The C1S and C2S signals are generated during the draw to provide increased gain in the X, Y and Z analog channels. If any of the summing signals are greater than ±3.17 volts at the start of the draw, CmP1, CMP2, C1S and C2S are all low. At this time, transistors 13Q2-13Q5 in FIG. 11 are all conductive, and both the signals C1S and C2S are established at approximately -14 volts. When the comparator COMP1 switches, CMP1 goes high, is inverted by 13U1C, and the emitter of transistor 13Q3 goes low to render the transistor non-conductive. At the same time, the collector of transistor 13Q3 goes low, and its value is applied to the base of transistor 13Q5 to render the latter transistor non-conductive. The collector of transistor 13Q5 (C1S) then rises to +4.3 volts and renders the field effect transistor 14Q2 of FIG. 8 conductive to increase the total amplifier gain 300% from one-twelfth to one-fourth.

The switching signal C2S, which is controlled by the signal CMP2, is generated in the same manner to control the field effect transistor 14Q1 in FIG. 8. The field effect transistors 14Q1 and 14Q2 in FIG. 8 are controlled by the switching signals C1S and C2S applied to their gates, as described above, together with a gate control circuit comprised of transistor 14Q3 in FIG. 8 and its associated circuitry. The purpose of the circuit of transistor 13Q3 is to hold the gates and sources of the field effect transistors 14Q1 and 14Q2 at the same potential when the field effect transistors are switched on, thereby eliminating the possibility of signal distortion which could result if gate-to-source current were permitted to flow. When the field effect transistor 14Q2 is switched on, the field effect source signal is amplified by amplifier A2 in FIG. 8 which has a gain of 2, and is then applied to the base of the emitter follower 14Q3, which has a gain of .5 due to resistors 14R30 and 14R31. The emitter of transistor 14Q3 therefore is equal in amplitude and polarity to the source of each of the field effect transistors 14Q1 and 14Q2, and the potential of the emitter is applied to the gates of the field effect transistors to assure that no gate current will flow.

The multiplier gain control network 106 of FIG. 6 is shown in more detail in FIG. 13. The multiplier gain control network 106, as shown in FIG. 13, receives X, Y and Z error signals. For example, it receives the X error signal from amplifier 26A2 in FIG. 19, and it receives the Y and Z error signals from similar circuitry in the Y and Z channels. The X error signal is introduced to the junction of a pair of diodes 25CR15 and 25CR14. The Y error signal is introduced to the junction of a pair of diodes 25CR10 and 25CR11, and the Z error signal is introduced to the junction of a pair of diodes 25CR12 and 25CR13. The cathodes of diodes 25CR11, 25CR13 and 25CR15 are all connected to the junction of a diode 25CR16 and a 220 ohm resistor 25R29. The anodes of diodes 25CR10, 25CR12 and 25CR14 are connected to the junction of a 33 kilo-ohm resistor 25R23 and a 4.99 kilo-ohm resistor 25R24. The resistor 25R23 is connected to the positive 15 volt source, and the resistor 25R24 is connected to the negative input terminal 2 of operational amplifier 25A1.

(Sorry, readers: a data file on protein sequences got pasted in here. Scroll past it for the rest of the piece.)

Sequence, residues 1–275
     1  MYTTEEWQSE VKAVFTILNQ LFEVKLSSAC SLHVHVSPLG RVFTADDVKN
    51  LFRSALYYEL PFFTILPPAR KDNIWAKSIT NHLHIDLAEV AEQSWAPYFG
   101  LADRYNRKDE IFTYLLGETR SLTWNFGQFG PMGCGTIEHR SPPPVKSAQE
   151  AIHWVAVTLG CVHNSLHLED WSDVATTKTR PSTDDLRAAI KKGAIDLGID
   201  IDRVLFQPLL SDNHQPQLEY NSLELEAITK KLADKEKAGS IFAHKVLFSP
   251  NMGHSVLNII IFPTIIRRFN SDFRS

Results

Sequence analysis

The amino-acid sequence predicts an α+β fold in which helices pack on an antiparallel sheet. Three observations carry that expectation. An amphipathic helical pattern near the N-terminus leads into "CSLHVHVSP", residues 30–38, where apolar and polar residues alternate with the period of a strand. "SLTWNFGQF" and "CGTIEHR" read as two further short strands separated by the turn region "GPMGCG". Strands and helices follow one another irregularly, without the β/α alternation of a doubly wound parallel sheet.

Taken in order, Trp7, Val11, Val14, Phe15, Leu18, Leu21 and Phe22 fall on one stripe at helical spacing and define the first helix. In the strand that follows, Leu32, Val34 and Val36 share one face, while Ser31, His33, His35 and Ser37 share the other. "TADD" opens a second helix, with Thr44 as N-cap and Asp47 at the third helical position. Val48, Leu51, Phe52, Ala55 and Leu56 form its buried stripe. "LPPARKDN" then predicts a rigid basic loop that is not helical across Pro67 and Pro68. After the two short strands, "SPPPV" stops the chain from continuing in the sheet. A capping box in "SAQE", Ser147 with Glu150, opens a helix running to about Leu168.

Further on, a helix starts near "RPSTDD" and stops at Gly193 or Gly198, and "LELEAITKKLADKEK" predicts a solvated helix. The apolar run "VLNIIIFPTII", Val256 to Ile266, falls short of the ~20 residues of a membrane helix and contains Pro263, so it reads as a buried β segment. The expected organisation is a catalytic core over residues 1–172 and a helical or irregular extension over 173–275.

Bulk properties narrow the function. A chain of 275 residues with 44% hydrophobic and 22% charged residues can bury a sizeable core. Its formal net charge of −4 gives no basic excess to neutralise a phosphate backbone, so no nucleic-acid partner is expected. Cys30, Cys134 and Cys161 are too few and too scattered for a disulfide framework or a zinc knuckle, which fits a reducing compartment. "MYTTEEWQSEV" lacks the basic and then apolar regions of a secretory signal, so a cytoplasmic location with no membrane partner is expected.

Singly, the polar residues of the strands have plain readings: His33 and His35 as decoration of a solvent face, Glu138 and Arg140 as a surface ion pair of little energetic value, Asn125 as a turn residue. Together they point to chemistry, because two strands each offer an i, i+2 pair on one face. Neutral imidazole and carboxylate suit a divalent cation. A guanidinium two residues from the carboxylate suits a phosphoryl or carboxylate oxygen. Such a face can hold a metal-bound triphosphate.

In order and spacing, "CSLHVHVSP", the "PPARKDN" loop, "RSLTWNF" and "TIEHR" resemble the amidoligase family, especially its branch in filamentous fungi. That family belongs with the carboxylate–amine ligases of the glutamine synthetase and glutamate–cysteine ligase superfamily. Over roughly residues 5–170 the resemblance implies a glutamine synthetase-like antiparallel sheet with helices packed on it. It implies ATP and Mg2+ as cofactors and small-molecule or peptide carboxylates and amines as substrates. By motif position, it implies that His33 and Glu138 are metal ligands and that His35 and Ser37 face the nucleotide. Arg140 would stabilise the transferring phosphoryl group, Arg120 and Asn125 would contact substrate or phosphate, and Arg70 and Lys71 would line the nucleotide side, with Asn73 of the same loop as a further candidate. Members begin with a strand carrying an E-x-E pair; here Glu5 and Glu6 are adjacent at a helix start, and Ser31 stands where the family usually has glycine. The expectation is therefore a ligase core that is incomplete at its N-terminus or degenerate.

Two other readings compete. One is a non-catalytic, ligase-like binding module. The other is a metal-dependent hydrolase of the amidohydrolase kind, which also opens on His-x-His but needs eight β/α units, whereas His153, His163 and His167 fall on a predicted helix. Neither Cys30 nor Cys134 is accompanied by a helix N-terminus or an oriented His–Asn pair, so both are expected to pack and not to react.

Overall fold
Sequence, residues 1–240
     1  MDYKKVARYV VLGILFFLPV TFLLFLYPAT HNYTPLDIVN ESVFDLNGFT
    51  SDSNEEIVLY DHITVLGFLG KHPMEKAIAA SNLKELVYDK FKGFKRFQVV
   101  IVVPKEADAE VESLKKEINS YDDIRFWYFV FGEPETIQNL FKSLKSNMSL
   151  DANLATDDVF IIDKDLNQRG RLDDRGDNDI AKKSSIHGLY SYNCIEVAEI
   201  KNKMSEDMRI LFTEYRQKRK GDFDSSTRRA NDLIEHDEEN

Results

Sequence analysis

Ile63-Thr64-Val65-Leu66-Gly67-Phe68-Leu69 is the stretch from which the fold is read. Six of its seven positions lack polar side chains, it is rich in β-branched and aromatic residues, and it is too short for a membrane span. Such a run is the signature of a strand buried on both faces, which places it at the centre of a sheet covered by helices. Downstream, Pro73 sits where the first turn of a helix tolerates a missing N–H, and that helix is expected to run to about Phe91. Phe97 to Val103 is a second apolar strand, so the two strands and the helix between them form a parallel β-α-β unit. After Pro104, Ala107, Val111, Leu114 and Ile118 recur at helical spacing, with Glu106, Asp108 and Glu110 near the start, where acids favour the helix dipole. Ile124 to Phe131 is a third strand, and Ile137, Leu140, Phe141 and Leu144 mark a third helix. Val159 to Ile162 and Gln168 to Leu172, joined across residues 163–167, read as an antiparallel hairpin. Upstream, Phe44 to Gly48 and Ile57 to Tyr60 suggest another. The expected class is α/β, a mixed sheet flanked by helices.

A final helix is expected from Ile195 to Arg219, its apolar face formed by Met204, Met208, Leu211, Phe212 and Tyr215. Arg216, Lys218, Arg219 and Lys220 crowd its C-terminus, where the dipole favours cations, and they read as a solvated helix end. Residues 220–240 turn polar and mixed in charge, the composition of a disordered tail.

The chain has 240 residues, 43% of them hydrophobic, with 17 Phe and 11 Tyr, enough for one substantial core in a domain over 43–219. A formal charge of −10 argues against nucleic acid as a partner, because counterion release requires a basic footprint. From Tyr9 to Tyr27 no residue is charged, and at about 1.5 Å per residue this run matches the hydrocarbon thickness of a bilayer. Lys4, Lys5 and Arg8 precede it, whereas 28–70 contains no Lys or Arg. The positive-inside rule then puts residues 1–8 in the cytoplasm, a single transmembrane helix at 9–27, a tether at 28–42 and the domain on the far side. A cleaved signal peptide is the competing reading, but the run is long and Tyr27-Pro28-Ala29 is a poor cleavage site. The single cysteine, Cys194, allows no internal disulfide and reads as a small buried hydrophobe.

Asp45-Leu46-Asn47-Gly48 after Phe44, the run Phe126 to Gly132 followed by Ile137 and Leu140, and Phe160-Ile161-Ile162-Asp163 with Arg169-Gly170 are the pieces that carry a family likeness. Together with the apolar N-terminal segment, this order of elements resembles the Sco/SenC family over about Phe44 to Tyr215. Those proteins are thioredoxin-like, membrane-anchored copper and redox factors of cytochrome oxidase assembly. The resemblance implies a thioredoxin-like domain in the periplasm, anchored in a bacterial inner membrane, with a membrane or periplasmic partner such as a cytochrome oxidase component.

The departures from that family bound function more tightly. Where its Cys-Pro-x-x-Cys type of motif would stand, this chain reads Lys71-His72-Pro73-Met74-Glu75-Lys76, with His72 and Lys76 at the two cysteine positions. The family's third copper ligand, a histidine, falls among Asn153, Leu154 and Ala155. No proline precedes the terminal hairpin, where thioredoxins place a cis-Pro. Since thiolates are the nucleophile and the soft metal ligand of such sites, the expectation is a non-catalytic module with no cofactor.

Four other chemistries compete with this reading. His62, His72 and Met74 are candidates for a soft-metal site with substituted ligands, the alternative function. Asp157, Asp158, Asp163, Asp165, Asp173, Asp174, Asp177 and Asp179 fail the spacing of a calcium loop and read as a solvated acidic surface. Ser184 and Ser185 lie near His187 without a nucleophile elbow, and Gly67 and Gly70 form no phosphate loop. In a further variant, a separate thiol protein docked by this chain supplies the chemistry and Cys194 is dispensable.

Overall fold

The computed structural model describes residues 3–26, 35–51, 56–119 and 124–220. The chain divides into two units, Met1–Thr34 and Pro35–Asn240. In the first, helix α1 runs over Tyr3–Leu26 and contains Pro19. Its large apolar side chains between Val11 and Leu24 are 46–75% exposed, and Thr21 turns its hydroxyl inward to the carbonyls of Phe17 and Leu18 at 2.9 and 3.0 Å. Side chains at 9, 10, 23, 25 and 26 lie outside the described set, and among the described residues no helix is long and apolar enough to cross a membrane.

The positive input terminal 3 of amplifier 25A1 is connected to the junction of a 4.7 kilo-ohm resistor 25R36 and of a 4.7 kilo-ohm grounded resistor 25R35. Resistor 25R35 is shunted by an 82 picofarad capacitor 25C11. Resistor 25R16 is connected to the junction of a 33 kilo-ohm resistor 25R37 and the anode of a diode 25CR17. Resistor 25R37 is connected to the positive of the 15 volt source, and the cathode of diode 25CR17 is grounded. Terminal 8 of the amplifier 25A1 is connected back to input terminal 2 through a 3 kilo-ohm resistor 25R26 and through a 15 picofarad capacitor 25C8. The output terminal 6 of the amplifier 25A1 is connected to the anode of diode 25CR16, and is also connected back to the input terminal 2 through a 4.99 kilo-ohm resistor 25R25.